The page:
One mom offered advice she got from her pediatrician:

Warm the bassinet with a heating pad while baby breastfeeds or drinks formula.

When it’s time to lie down, take the heating pad out and the bed surface will be warm and cozy!

She said it worked wonders for her little one.

But REMEMBER to take the heating pad out and test the surface with your hand before putting baby in the bassinet, to make sure it’s not too hot.

Who wouldn’t sleep better in a heated bed?

(If you don’t have a heating pad, you can get one on Amazon for a great price.)


4. Try an arm’s reach co-sleeper

Baby might not like the bassinet because he wants to be closer to you.

Now, while there are some methods of in-bed cosleeping that are sometimes prescribed by doctors, it’s usually not safe for most people — especially for really young babies.

Instead, consider a swiveling bassinet like the HALO Bassinest (on Amazon).

It rotates around a sturdy base and allows you to easily swing baby right to your side while you’re in bed. That way, you can soothe or place your hand on him to help him sleep without risking bringing him into the actual bed with you.


5. Read “The Happiest Baby on the Block”

If nothing else is working, you may need to call in the big guns.

Ask anyone who’s raised a kid in the last couple of years and chances are they’ve read this book.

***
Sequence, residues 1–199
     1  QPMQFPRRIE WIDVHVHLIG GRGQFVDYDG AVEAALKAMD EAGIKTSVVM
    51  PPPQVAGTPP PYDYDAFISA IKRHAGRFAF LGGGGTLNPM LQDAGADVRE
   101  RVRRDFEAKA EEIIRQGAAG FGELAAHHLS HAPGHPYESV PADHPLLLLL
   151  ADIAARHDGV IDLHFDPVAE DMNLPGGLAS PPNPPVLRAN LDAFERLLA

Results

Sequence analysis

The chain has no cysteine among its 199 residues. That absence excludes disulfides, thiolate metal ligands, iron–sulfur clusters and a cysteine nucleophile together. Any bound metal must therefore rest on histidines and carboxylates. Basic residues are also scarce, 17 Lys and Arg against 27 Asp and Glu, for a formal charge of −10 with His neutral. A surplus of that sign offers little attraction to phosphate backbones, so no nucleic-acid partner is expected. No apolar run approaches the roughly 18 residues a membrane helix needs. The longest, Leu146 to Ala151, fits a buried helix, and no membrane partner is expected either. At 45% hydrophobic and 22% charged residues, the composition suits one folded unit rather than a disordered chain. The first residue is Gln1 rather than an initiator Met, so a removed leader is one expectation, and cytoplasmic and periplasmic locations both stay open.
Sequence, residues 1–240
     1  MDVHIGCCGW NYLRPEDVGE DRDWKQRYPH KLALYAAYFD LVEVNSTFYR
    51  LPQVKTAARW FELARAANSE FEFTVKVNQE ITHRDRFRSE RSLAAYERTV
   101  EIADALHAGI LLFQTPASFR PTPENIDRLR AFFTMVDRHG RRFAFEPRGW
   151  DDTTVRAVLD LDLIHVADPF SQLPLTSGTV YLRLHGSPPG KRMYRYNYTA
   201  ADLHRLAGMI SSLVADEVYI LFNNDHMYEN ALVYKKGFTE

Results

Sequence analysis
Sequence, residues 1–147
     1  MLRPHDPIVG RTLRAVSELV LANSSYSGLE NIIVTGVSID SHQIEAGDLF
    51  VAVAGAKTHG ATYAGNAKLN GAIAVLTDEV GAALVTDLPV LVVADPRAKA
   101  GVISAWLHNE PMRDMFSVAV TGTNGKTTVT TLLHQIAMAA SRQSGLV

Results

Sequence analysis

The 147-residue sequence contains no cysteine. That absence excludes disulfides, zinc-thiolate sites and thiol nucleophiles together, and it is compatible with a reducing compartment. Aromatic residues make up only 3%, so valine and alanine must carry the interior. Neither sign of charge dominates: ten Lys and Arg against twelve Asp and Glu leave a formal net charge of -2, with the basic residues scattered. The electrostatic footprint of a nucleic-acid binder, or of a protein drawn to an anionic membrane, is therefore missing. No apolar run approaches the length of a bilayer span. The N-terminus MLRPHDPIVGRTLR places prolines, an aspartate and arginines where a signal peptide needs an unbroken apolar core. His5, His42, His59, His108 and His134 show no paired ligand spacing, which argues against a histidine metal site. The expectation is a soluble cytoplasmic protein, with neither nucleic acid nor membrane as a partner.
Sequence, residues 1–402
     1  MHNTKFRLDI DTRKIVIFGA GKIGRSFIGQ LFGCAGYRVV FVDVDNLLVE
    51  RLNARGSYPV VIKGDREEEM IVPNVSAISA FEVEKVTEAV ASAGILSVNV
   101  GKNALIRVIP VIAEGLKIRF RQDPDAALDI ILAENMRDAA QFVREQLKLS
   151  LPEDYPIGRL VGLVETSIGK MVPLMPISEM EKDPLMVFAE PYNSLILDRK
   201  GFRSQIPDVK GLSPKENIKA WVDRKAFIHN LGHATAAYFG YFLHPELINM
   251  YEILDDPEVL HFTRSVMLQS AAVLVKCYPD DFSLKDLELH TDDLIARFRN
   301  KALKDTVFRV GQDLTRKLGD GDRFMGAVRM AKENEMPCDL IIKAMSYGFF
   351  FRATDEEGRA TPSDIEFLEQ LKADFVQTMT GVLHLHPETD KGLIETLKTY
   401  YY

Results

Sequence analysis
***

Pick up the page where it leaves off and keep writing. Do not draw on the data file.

Written by Harvey Karp, M.D. this is pretty much considered the modern bible of soothing, calming, and putting babies to sleep.

Among other things, it covers the Five S’s, which help parents recreate the womb environment for young babies during what he calls the “fourth trimester”:

  • Swaddle
  • Side or Stomach Position (for calming, NOT sleeping)
  • Shushing
  • Swinging
  • Sucking (pacifiers)

It’s worth a read and I can tell you from firsthand experience that a lot of it really works!

Check out the book on Amazon.


Wrapping Up

So there you have it.

It’s hard to say why your baby hates your specific bassinet, but rest assured, it’s probably not broken or haunted.

They just might prefer:

  • Something that swings or rocks
  • Being closer to you
  • A tighter swaddle
  • A little more warmth
  • Some better comforting techniques

Those early days are all about survival and experimenting with what works. When our daughter was little, we returned a bunch of different sleeping apparatuses that didn’t work for us before finding the few that did!

Shake things up a bit and let me know what works for you in the comments!

Hope this helps, parents.

(Psst — Now that you finally got baby to sleep, here are some things you can do other than just flopping down and watching TV!)